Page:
Jack Kerouac, as Sal Paradise once said: "I like too many things and get all confused and hung-up running from one falling star to another till i drop. This is the night, what it does to you. I had nothing to offer anybody except my own confusion." And I think that's a rather apt description of my blog over the years, and perhaps the most perfect description of me in general that I've ever read. So that's what this blog is, a collection of the falling stars that are beckoning me at any time.

25 June 2006

Fragments and Details, (part 2)

Originally uploaded by sockmonkeyrevolt.
I finally wrote the review of 'Fragments and Details' (mainly due to needing to work up some more appropriate writing samples for my attempt to get a position writing about art for an alternative weekly, since it's been so long since the show closed now and I might have otherwise just let it slide)

With their Bemis Underground show, Fragments and Details, Matt Walker and Matt Orand have solved the major failing that haunted their respective BFA Thesis showings last year—the interaction of art with the space around it and how the lack of consideration for that relationship can cripple an otherwise compelling work. Walker’s installations suffered from a lack of breathing room crowded into the available space in the UNO Gallery and while Orand’s Target Market had a solid concept and the decision to drag it out of UNO and exhibit it at Crossroads was fitting, but the result was dwarfed by the mall and looked less than impressive as a result.
The current show was built directly into the Underground and their consideration of the gallery space as an organic extension of the works not only shows, but ultimately makes the whole greater than the sum of its parts. It also doesn’t hurt that the Bemis Underground’s layout and construction perfectly compliment the air of abandonment and age the artists were working to create.
From the minute you enter the gallery door you are drawn into a relationship with the show and its pieces. As you descend the stairs you are surrounded by the jarring, mournful wail of a pipe organ’s lone chord while a stark white floodlight illuminates the pale branches of a tree suspended from the ceiling over the rusting skeleton of a wrought-iron crib and its love-eaten stuffed bear occupant.
The crib, and many of the pieces further in replicate the accidental art found in roadside dumpsites and like the myriad of questions and imagined explanations we ponder stumbling over an old pair of dentures on a deserted railroad track, the carefully arranged objects in Fragments & Details hint at the personal histories of their former owners and probe the viewer to consider how their own personal effects become imbued with their own stories.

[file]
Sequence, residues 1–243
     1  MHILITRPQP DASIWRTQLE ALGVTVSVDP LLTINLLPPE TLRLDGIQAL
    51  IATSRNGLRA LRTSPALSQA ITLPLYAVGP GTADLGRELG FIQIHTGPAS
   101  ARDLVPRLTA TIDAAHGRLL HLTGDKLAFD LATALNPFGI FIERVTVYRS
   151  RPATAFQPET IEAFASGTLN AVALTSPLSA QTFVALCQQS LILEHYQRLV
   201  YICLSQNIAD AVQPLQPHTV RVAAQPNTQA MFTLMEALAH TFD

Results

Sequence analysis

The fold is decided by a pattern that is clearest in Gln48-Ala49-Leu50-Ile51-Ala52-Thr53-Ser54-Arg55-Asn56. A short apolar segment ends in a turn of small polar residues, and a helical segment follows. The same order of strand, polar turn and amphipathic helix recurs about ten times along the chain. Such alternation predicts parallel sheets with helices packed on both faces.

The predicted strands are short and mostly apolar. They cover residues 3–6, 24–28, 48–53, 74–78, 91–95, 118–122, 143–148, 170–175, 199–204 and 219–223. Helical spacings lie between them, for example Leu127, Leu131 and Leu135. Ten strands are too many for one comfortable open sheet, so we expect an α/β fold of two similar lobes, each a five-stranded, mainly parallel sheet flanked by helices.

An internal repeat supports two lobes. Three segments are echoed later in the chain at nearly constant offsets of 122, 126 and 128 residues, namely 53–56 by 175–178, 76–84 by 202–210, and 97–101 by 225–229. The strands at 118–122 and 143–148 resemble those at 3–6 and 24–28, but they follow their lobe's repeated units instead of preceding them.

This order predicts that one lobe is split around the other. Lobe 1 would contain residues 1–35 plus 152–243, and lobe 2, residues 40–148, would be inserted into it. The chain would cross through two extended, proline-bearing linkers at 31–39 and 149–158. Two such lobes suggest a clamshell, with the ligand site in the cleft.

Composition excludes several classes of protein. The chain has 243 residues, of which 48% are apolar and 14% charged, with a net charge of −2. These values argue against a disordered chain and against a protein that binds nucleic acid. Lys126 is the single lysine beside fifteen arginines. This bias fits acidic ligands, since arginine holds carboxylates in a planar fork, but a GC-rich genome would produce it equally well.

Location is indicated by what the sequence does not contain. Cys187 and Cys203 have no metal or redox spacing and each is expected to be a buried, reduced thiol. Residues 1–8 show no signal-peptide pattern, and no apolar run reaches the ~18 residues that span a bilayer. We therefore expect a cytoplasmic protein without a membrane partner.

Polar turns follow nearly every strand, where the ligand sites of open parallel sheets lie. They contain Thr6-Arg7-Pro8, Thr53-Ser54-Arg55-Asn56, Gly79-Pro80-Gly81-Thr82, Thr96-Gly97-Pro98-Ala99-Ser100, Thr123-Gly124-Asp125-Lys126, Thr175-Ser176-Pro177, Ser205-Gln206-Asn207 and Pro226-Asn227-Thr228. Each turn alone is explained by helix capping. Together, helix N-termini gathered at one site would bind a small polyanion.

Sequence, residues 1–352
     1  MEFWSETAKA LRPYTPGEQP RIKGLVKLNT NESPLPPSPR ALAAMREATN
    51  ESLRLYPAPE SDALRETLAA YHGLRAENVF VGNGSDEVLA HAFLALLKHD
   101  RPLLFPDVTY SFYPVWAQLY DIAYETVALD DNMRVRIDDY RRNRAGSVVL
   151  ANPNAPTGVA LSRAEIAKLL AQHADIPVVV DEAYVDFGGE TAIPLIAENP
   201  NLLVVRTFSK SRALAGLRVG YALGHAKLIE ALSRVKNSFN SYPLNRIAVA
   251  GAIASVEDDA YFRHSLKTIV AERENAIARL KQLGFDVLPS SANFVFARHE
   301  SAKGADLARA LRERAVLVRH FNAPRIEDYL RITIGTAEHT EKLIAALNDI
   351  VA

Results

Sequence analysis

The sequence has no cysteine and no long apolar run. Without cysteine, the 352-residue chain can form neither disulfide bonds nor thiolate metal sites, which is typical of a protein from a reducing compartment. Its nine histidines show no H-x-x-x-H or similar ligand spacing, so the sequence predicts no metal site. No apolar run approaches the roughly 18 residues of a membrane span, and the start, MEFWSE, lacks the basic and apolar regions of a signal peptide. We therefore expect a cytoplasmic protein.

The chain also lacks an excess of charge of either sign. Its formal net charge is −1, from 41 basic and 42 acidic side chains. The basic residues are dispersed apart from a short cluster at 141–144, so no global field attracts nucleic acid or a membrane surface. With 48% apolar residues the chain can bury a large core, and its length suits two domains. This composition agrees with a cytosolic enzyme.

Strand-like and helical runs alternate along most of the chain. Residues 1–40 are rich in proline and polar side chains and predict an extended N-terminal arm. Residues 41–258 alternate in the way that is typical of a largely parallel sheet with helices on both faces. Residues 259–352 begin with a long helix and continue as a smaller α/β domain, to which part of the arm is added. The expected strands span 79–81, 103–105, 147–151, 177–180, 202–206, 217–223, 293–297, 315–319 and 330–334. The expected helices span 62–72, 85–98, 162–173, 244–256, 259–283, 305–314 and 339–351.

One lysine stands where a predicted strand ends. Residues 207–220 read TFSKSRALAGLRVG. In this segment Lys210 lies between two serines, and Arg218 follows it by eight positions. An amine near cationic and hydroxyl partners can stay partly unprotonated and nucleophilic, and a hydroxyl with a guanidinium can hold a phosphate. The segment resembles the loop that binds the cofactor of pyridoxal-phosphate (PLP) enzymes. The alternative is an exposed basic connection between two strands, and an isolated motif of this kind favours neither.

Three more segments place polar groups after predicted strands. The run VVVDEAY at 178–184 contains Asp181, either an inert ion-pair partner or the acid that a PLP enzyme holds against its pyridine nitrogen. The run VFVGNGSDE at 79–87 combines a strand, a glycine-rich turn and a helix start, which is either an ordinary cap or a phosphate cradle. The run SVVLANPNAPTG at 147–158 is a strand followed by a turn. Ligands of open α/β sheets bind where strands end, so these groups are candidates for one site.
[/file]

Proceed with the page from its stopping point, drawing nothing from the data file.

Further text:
Walker and Orand have constructed an environment where abandonment, decay and the gleam of nostalgia wander like ghosts in the shadows, created by exposed incandescent bulbs and a swirling collection of discarded spoons; the whispering of fan-blown leaves of old textbooks; the howl of the organ; the soft, musty smells of fresh-dug earth and rotting leaves. It’s this permeating mood, this created atmosphere that lifts the show as a whole above the successes or failures of its individual pieces; muting the heavy-handed contrivance of some arrangements like an enormous piles of clothes heaped on an old TV in front of which is the fishbowl and pennies that earlier featured in one of Walker’s thesis works and a junked car with a women’s nightgown strung up on its frame; strengthening the sense of quiet discovery in others like the window with a heavy muslin curtain that must be peered through to see the worn carousel horse hidden within.
Some of the stronger pieces include a worn mid-century parlor chair in front of a television with a silhouette scene of cowboys and Indians inside and a tree sitting inside an old deep freezer in an alcove made of candle-lit stained glass windows, which recall’s Yoko Ono’s trees growing from wooden caskets.
The most powerful piece is a carefully constructed broken-down porch with a ruined wicker loveseat and a battered, rusted screen door onto and through which is projected a photograph of a man at a front door. The piece is evocative, emotional, heavy with a life story and hauntingly beautiful.
Fragments & Details is one of the better shows to be housed at the Bemis Underground in its short history and is well worth making a point to check out. Should any of the donated abandoned items that make up the show’s raw materials speak to you, you could even bid on them at the auction scheduled as the closing event.

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